President Joseph Urgo attended the annual American Association of Colleges and Universities Conference on Jan. 27, along with Dean of the Core Curriculum, Libby Nutt Williams, Assistant Dean of the Core Curriculum, Ruth Feingold, and Vice President of Academic Affairs, Larry Vote.
The conference was held in San Francisco and featured discussion on global education and study abroad programs.
“We…present[ed] on what it’s like to go global as a public honors college, since we are one of few,” Williams said.
“Specifically we presented on the challenges that we think can arise. President Urgo talked about what it means to be a public honors college and his vision of public education at a fine liberal arts institution.
Larry Vote, myself, and Ruth Feingold each took a piece of what we thought were the challenges to students.”
The conference included administration representatives from colleges all over the nation, many of whom also presented on what has been happening nationally and internationally in higher education.
“We talked about the challenge of access,” Williams said. “How do we ensure that global education is something that all of our students have access to financially – looking at airfare incentives and potentially developing more scholarships.”
Williams also stressed the importance of providing students with strong interdisciplinary programs, pointing out that the relationship with James Cook University in Australia has allowed more opportunities for biology majors to study abroad.
The panel also presented on the Core Curriculum’s Experiencing the Liberal Arts in the World (ELAW) requirement, which can be satisfied through studying abroad, though students can also participate in an internship, take certain experimental courses, put together directive research or conduct an independent study.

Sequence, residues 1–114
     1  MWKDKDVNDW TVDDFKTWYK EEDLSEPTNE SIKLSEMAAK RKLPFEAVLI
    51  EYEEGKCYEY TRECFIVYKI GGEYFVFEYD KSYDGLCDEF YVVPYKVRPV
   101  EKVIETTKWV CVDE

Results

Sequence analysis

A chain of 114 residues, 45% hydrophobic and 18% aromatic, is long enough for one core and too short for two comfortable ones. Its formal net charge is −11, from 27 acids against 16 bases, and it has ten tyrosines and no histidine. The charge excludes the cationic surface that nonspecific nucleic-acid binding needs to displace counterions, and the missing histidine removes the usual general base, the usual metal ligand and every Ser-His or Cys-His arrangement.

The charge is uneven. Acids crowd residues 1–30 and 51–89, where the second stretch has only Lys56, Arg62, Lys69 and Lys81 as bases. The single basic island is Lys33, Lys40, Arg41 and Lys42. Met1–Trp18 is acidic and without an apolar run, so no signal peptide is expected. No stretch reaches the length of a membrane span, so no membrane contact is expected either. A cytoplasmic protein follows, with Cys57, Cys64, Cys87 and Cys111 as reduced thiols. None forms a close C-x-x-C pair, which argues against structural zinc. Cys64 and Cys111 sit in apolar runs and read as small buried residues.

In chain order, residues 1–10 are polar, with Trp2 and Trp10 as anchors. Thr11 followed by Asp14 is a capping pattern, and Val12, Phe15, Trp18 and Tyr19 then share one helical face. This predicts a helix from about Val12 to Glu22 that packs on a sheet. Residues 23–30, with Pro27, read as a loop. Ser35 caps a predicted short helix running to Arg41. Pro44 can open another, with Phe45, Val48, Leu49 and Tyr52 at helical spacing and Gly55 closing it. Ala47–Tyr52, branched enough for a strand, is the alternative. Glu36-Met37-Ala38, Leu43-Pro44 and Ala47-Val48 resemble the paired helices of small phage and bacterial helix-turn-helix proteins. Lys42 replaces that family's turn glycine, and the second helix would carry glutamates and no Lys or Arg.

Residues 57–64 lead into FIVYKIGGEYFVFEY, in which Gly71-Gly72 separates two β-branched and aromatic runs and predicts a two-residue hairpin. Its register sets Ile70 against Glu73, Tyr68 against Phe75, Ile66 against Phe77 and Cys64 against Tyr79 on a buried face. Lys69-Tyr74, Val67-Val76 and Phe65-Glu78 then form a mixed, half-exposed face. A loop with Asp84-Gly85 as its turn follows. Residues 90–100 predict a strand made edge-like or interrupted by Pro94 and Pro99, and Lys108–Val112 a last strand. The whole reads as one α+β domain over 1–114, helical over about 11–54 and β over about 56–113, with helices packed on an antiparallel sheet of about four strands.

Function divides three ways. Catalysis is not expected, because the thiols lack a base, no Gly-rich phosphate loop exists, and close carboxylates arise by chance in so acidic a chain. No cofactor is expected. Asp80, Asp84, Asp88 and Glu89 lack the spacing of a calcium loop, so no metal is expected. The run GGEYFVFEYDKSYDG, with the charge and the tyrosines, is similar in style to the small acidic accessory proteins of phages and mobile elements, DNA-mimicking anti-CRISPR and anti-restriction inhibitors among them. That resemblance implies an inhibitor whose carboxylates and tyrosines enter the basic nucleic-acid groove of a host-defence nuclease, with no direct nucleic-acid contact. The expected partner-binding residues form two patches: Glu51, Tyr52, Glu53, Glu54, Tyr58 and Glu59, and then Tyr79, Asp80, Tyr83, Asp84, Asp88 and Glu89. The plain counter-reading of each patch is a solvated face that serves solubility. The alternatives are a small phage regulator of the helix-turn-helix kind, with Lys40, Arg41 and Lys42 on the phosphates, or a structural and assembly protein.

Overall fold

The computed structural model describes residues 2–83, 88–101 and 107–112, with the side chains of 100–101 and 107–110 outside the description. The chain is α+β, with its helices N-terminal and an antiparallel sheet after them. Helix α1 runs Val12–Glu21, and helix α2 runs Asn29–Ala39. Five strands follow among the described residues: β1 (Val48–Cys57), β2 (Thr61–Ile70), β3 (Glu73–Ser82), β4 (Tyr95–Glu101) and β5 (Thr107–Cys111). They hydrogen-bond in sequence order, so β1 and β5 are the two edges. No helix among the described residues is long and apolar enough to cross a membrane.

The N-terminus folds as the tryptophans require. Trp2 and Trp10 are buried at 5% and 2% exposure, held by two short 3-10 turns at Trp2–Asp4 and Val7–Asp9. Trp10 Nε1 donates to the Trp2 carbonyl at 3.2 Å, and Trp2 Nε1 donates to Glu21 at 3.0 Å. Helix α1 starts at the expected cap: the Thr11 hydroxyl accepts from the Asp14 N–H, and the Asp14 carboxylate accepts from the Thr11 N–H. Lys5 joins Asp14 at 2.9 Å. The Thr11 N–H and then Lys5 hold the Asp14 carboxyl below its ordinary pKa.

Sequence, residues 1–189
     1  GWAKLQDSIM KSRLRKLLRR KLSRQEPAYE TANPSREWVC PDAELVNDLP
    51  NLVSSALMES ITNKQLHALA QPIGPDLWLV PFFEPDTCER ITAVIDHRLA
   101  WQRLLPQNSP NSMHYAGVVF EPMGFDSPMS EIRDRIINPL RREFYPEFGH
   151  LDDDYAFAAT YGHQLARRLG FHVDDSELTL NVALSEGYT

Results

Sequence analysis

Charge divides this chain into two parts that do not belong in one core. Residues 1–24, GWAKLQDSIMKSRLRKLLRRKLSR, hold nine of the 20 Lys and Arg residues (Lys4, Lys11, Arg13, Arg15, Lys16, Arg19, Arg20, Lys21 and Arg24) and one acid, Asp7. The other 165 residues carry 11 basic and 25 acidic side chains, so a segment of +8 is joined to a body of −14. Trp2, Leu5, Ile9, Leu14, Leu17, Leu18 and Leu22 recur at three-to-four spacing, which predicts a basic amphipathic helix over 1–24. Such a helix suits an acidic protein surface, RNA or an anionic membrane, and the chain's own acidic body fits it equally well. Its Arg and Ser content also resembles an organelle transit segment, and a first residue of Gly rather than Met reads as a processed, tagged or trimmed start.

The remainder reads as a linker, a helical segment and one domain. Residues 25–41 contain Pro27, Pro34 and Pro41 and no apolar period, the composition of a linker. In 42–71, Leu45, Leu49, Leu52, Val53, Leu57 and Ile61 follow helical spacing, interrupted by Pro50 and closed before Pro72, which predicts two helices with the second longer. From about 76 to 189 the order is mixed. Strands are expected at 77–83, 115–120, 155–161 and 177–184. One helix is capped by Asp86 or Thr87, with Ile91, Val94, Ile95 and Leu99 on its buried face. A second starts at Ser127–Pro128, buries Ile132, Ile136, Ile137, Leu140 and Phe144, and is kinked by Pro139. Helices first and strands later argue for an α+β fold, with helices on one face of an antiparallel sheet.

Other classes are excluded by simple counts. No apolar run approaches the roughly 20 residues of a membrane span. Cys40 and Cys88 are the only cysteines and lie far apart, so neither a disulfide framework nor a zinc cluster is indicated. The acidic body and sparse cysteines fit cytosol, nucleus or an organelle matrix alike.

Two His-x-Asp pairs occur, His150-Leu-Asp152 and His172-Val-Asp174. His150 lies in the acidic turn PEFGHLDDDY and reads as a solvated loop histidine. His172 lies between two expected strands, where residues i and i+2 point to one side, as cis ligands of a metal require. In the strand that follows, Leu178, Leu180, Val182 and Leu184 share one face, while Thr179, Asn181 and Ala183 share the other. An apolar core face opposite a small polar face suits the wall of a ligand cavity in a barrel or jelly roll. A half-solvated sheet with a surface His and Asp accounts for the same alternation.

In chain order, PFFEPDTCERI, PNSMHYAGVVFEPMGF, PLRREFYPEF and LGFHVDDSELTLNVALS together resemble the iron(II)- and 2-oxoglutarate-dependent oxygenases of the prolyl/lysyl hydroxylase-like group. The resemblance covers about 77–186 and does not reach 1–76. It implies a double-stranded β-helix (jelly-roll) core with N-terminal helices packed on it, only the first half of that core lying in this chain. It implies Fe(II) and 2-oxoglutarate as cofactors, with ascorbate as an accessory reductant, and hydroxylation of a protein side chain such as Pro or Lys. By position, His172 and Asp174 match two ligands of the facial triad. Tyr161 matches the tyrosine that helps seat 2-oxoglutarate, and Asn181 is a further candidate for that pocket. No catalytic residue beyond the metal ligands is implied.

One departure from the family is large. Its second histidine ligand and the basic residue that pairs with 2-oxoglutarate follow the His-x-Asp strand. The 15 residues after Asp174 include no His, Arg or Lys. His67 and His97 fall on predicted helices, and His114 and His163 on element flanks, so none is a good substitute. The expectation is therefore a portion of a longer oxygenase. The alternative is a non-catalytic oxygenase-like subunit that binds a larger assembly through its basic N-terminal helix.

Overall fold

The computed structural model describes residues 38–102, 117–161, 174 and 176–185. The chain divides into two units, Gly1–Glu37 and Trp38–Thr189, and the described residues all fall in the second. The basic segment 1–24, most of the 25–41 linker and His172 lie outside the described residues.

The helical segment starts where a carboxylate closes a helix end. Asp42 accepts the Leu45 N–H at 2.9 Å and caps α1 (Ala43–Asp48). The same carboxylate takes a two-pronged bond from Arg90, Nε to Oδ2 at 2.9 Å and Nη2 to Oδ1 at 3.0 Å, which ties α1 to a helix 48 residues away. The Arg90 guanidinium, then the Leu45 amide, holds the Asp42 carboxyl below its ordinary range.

“I spoke about the ways the ELAW requirement ideally will encourage students to study abroad and [how] such study can combine with the rest of their college coursework,” Feingold said, explaining that international study should not be seen merely as an “add-on” or a vacation.
“Students should think…about how such study can contribute to their overall educational and personal goals.”
According to Williams, a major point that the panel made was the idea of “amalgamation,” meaning that studying abroad should not just be tacked on and should instead blend in with the rest of the student’s education.
This is achieved through advising, helping students think about study abroad opportunities early on, and through reflective essays that ELAW participants are required to submit.
“Americans are a peculiar people,” Feingold said, expressing that many people remain “willfully ignorant of the world around us than almost any other nation” despite the resources to travel.
Feingold also said that she wanted to combat this by having students study abroad, gaining “a specific knowledge of the world beyond our national borders” and “an increased sense of independence and confidence, bred of their realization that they must — and can — manage themselves in very unfamiliar surroundings.”
“It is important for students to understand the scholarly world as well as the world in practice,” Williams said. “Things like study-abroad can transform a person’s perspective on the world, and the world is very global now.”